Negar Azimi at Bookforum:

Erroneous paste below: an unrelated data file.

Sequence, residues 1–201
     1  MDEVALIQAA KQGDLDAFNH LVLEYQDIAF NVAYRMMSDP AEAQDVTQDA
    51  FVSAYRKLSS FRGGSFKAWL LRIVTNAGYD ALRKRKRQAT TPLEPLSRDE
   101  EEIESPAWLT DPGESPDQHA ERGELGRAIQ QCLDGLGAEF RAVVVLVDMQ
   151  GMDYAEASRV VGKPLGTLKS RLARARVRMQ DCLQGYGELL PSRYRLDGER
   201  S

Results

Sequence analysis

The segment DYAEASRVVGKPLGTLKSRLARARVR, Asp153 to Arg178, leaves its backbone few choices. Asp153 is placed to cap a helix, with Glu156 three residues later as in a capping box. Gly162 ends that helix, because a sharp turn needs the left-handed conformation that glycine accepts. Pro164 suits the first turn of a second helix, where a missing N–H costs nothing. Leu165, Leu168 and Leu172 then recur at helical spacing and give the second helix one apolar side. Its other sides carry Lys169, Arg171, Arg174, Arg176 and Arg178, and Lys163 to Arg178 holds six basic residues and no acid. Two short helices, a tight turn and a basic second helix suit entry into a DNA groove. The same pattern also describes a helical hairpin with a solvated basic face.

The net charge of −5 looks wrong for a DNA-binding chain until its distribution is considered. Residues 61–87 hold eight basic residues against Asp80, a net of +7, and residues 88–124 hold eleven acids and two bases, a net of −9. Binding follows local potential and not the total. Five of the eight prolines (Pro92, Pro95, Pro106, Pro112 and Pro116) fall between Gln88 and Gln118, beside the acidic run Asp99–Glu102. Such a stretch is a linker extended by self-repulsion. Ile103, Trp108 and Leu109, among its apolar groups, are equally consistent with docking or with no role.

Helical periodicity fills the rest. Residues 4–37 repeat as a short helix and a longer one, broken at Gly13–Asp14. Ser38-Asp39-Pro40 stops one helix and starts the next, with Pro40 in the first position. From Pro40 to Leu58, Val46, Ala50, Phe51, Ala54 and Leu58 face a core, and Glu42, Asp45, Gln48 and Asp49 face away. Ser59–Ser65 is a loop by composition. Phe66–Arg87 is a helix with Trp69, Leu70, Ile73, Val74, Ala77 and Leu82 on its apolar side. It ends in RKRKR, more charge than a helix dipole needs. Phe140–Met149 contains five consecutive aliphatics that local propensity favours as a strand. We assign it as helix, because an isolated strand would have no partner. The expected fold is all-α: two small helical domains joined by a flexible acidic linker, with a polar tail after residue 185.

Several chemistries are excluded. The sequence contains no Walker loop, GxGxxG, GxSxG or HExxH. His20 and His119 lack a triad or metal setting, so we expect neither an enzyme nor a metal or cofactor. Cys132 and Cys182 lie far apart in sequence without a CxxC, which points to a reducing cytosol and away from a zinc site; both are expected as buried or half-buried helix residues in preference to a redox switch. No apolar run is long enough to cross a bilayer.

IN THE ANTIC TALE that opens The Cheerful Scapegoat, Wayne Koestenbaum’s book of self-described “fables,” a woman named Crocus, like the flower, arrives at a house party wearing a checkered frock designed by the Abstract Expressionist Adolph Gottlieb. She cowers in the entrance, vacillating over whether to enter or not. She phones her doctor, a man whom she refers to as the “miscreant-confessor,” who entreats her to be social. Inside, Crocus accompanies a “fashionable mortician” to a bedroom where she happens upon a fully clothed woman lying atop a fully clothed man. Observing something “unformed and infantile” about the man’s features, Crocus is overcome by a feeling of revulsion, “as if she were looking at a Chardin painting for the first time and were not comprehending her ecstasy—a conundrum which forced Crocus to shove her rapture into a different medicine-cabinet, a hiding-place christened ‘Disgust.’” From this point on, any attempt to pithily encapsulate what happens is doomed.